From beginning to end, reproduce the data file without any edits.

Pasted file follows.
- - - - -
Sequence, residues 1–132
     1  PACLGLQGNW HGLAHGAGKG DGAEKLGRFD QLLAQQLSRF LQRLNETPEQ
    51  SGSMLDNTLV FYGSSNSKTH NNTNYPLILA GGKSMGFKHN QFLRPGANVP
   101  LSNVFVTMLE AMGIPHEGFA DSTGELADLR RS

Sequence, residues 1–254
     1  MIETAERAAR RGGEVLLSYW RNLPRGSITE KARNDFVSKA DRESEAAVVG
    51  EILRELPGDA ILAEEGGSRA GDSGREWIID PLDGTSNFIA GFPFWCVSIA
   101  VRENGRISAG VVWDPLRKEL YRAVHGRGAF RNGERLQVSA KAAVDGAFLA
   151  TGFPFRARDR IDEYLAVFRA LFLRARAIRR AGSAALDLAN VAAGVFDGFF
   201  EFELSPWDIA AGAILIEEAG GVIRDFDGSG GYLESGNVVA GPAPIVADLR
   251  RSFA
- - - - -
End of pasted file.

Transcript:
Sequence, residues 1–132
     1  PACLGLQGNW HGLAHGAGKG DGAEKLGRFD QLLAQQLSRF LQRLNETPEQ
    51  SGSMLDNTLV FYGSSNSKTH NNTNYPLILA GGKSMGFKHN QFLRPGANVP
   101  LSNVFVTMLE AMGIPHEGFA DSTGELADLR RS

Sequence, residues 1–254
     1  MIETAERAAR RGGEVLLSYW RNLPRGSITE KARNDFVSKA DRESEAAVVG
    51  EILRELPGDA ILAEEGGSRA GDSGREWIID PLDGTSNFIA GFPFWCVSIA
   101  VRENGRISAG VVWDPLRKEL YRAVHGRGAF RNGERLQVSA KAAVDGAFLA
   151  TGFPFRARDR IDEYLAVFRA LFLRARAIRR AGSAALDLAN VAAGVFDGFF
   201  EFELSPWDIA AGAILIEEAG GVIRDFDGSG GYLESGNVVA GPAPIVADLR
   251  RSFA